SpaceX sent Starship to orbit – the next launch will attempt to bring it back

SpaceX's massive Starship rocket could take to the skies for a fourth time on June 5, with the main purpose of evaluating the second stage's reusable heat shield as the vehicle attempts to safely enter the atmosphere for the first time.

CEO Elon Musk“ said on his social media platform X that “there are many tough problems to solve with this vehicle, but the biggest remaining problem is creating a reusable orbital return heat shield, which has never been done before.”

His message echoes comments he made earlier this month, when he noted that the primary goal of the next Starship test was “to pass maximum re-entry heating.”

This means that the new heat shield of the second phase, consisting of approximately 18,000 ceramic hexagonal tiles, will be put to the test. These tiles are designed to protect the second stage (also called Starship) from the extreme temperatures experienced upon re-entering Earth's atmosphere. One of the biggest problems, Musk suggested, is the fragility of the system in general: “we can't withstand the loss of a single tile in most places,” he said. That means a single damaged or defective tile can lead to a catastrophe.

As Musk noted in his post, surviving the return is only part of the puzzle. The company will also have to create an “entirely new supply chain” for the high-performance heat shield tiles and produce them in very high volume.

It's a tough problem, but solving it would bring them closer to the holy grail of launch vehicles: complete reusability. SpaceX has made great strides in reusability with its workhorse Falcon 9 rocket – which has flown 56 times so far this year – but even though the company has recovered the booster, the second stage is being used in its target orbit. By reusing both stages of the rocket, SpaceX hopes to reduce costs to a fraction of what they are today, while delivering many orders of magnitude more mass to orbit in a single launch. (SpaceX's Transporter ride-share missions cost $6,000 per kilogram.)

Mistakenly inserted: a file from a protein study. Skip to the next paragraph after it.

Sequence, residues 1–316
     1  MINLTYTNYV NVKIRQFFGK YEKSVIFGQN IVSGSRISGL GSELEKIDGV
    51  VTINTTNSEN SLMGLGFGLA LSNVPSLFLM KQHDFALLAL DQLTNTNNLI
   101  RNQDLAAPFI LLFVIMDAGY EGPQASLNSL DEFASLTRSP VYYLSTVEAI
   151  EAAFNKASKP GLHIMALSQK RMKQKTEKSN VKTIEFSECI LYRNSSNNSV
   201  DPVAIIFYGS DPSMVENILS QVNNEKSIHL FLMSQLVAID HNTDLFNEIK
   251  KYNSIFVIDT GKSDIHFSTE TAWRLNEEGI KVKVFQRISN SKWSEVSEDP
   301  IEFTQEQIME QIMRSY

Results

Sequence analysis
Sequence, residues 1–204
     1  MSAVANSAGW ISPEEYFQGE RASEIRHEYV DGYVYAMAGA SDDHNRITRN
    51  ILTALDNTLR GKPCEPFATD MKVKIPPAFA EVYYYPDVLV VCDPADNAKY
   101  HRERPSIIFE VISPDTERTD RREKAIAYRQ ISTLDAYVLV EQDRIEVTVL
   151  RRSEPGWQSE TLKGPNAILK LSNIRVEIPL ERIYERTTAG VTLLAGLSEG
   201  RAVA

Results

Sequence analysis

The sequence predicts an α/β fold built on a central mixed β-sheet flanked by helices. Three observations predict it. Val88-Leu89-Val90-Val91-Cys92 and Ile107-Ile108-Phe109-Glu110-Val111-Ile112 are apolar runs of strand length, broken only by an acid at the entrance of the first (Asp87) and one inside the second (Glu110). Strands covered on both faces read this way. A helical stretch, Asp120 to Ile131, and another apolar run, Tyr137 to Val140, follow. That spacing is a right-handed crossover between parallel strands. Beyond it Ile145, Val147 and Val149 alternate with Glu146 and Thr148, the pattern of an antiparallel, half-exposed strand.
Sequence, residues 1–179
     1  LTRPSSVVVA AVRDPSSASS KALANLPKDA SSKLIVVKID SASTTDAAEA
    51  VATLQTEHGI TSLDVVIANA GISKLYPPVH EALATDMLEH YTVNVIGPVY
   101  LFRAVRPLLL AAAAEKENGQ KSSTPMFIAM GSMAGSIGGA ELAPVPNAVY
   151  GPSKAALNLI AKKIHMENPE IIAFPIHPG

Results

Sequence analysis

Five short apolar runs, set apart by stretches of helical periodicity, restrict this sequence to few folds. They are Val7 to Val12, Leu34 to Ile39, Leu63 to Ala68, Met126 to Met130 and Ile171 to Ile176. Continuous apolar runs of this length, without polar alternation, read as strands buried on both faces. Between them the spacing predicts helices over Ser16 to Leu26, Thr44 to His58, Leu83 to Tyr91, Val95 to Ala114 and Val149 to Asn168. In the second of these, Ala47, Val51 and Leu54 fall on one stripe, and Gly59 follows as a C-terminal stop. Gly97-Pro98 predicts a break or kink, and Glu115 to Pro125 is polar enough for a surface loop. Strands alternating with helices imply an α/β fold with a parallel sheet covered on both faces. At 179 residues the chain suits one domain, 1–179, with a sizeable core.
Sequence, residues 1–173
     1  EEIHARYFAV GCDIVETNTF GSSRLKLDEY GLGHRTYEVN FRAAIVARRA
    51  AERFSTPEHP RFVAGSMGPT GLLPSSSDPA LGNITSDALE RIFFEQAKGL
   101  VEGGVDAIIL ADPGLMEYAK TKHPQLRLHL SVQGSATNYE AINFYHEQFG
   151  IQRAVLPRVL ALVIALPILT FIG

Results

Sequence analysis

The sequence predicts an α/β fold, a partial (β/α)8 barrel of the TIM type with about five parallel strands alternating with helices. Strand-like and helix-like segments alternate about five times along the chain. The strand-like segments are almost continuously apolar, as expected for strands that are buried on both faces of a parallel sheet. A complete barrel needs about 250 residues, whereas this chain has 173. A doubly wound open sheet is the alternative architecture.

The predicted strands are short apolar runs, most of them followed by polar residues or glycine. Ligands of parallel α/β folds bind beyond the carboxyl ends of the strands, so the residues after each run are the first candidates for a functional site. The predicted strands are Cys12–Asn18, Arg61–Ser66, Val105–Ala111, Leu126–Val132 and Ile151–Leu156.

If all goes according to plan, the company will demonstrate the ability to return the Starship to Earth via a controlled reentry and soft splash in the Indian Ocean. SpaceX also aims to return the booster, called Super Heavy, via a splashdown in the ocean. And it will move one step closer to bringing the largest and most powerful launch system ever built online, ready to carry cargo and ultimately crew to Earth's orbit and beyond.

This next Starship launch will be the fourth in a series of orbital flight tests that began last April. Before the launch can proceed, SpaceX must obtain a commercial launch license from the U.S. Federal Aviation Administration, the agency responsible for regulating commercial launch operations. The FAA also oversees investigations into rocket launches that go wrong for any reason, and is therefore working closely with SpaceX during the Starship test campaign.

And the previous Starship launches have certainly failed: the first two ended in fiery explosions in the sky, and the third ended with both Super Heavy and Starship likely disintegrating before hitting the ocean. But for SpaceX, which takes an iterative approach to hardware development, each test was ultimately a success because they provided engineers with data about the rocket in a real flight environment. And it's true that each mission has gone further than the last: on the third flight, the engines caused complete burns as the vehicle took off, and Starship finally reached orbit for the first time.

Ultimately, SpaceX plans to land both the Super Heavy booster and the Starship second stage at its launch site in southeast Texas, where they can be quickly refurbished and returned to the pad.

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